Car accidents can get complicated, particularly when leased cars are involved. Leasing a vehicle is different from buying a vehicle. It is essentially a long-term rental with lower monthly payments and lower costs for maintenance. However, you are expected to return the vehicle in the same shape. Should you get into an accident with a leased vehicle, you likely will have several questions.
There are similarities in the steps you take following an accident with both a leased vehicle and a car you purchased with a loan. After an accident, you should do the following:
- Make sure everyone is okay: If you are able to, make sure everyone involved is okay. If you or someone is injured, make sure to get medical attention immediately.
- Call 911: You want to call 911 immediately to bring medical help and the police to the scene. Tell the police officer what happened if you are able and in as much detail as possible. The police officer will write a police report. Get a copy of the police report and keep it in a secure place. You may need it when filing a claim.
- Gather evidence: Gather as much evidence as possible, especially if another driver is involved or an injury has occurred. You would want to take photos or videos of the scene, particularly any debris on the ground like broken glass or a torn bumper. This can help an accident reconstructionist determine who caused the accident. Finally, speak to any witnesses, and get their contact information and their account of the accident in writing.
- Contact your insurance company: Many states require you to report an accident when in a leased vehicle. Contact your insurance company following the accident, and they can tell you where to bring your vehicle for repairs.
- See doctor: If you have not gotten medical attention yet, it is recommended to do so as soon as possible following an accident. Some accident injuries appear well after the accident, and notifying a doctor right away may catch the injury before it worsens. Finally, keep all medical records you receive stemming from the accident, including your treatment plan, as you may need them when filing an injury claim.
Contacting the Leasing Company After an Accident
Many leasing agreements require you to contact them following an accident. You may want to read your agreement specifically to be sure. Even if it does not say you are required to, it is recommended to contact them anyway because you may be penalized at the end of your lease. Remember, when leasing a car, you are expected to bring it back in good condition.
Many leasing companies require you to bring the vehicle to get a repair estimate, and it likely is a repair facility that they approve. There, it is inspected and a repair estimate is made, which is then reviewed by the leasing company. Your insurance company will contribute to the repair costs minus your deductible.
It is important to note that many leasing companies require you to carry certain insurance coverage, and it will likely be over the state minimums. This may include comprehensive and collision coverage.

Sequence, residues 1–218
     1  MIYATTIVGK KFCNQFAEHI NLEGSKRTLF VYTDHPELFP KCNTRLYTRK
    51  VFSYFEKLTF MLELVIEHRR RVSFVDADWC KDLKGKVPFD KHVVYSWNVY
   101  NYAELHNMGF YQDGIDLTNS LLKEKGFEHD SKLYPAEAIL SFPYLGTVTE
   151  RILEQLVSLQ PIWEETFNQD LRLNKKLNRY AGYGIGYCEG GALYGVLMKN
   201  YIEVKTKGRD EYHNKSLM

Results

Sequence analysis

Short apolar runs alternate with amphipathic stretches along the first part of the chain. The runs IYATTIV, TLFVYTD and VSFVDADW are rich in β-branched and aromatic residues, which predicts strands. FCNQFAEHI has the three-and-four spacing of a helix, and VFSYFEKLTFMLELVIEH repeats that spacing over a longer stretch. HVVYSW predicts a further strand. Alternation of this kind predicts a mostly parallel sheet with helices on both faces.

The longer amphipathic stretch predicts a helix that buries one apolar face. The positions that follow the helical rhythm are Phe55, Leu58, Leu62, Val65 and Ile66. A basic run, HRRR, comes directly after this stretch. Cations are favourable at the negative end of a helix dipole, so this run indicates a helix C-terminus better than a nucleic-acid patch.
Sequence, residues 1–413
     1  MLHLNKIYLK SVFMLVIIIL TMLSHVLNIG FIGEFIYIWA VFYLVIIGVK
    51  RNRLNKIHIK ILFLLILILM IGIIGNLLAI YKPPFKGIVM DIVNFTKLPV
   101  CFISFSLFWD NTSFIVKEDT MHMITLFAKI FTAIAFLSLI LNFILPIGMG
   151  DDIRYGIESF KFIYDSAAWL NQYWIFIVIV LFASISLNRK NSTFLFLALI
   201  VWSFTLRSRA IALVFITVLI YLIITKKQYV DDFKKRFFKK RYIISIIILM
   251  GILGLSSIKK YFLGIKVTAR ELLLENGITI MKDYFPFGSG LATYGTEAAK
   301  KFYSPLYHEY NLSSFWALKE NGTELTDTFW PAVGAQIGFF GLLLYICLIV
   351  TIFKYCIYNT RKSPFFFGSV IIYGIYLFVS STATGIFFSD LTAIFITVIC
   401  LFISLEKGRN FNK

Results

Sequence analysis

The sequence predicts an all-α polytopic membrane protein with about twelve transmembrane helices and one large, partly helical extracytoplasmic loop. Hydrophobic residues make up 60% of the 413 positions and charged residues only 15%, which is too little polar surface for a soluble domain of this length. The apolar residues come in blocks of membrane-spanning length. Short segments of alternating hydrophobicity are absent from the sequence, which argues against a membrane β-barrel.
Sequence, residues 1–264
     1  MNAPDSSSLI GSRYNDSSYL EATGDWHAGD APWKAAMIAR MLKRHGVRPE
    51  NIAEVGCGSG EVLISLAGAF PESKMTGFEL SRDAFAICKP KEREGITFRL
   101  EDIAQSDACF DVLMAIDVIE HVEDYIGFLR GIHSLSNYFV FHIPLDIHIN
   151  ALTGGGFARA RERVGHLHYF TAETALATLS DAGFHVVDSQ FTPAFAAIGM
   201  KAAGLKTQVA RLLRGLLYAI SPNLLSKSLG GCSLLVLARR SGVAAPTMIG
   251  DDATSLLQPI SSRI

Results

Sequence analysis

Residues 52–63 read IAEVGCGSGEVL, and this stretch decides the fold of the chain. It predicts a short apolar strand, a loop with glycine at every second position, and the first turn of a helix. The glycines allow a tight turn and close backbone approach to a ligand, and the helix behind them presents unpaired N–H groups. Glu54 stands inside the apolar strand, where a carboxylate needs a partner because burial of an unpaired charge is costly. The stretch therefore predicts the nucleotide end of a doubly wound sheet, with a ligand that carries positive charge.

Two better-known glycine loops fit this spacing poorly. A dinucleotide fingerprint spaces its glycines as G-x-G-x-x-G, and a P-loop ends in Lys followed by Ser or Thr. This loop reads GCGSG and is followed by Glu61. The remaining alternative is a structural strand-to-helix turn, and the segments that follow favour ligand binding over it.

If the leased car is deemed a total loss, where the vehicle’s repairs are more than the car is worth, your insurance company will then pay the leasing company of the car’s actual value. At this point, the pay out to the lease company will likely be less than the lease balance, leaving you to pay the remaining difference. However, some leasing companies require you to carry Guaranteed Asset Protection (GAP) insurance when agreeing to the lease, which will cover that remaining balance should the car be totaled.
Car Insurance in New Jersey
If you get into a car accident in New Jersey, you have two options when filing a claim: you may filed a claim with your own insurance company or with the insurer of the owner of the other car if applicable. The first option is called a first-party insurance claim and can only be filed if your insurance coverage includes collision or comprehensive coverage.
New Jersey is known as a “no-fault” state. To recover damages stemming from an accident, a driver must file a claim with their own insurance company, regardless of who is at fault for the accident. You may only pursue damages from the other driver if you suffered a severe injury, or the costs of your injury exceeds your personal injury protection minimums.
Comparative Negligence in New Jersey
New Jersey applies comparative negligence. This means that there can be more than one party at fault for an accident. For example, if the defendant is found to be 75 percent at fault for an accident, but the plaintiff is found to be the remaining 25 percent, then the settlement award given to the plaintiff is subtracted by their percentage of fault. If the reward is determined to be $100,000, then the plaintiff will only collect $75,000 of that total.
If you get into an accident with a leased vehicle, then the situation can be overwhelming and complicated. It is highly recommended you speak with a lawyer right away.
Hazlet Car Accident Lawyers at Mikita & Roccanova Help Lease Owners Injured by Negligent Drivers
All car accidents are complicated, regardless of who is at fault or if an injury has occurred. This is particularly true if a leased car is involved in a collision. Our knowledgeable Hazlet car accident lawyers at Mikita & Roccanova have years of experience and can protect your rights. Call us at 732-705-3363 or fill out our online form for a free consultation. Located in Hazlet and Highland Park, New Jersey, we serve clients throughout Ocean County, Sussex County, Neptune, Middlesex County, and across Pennsylvania.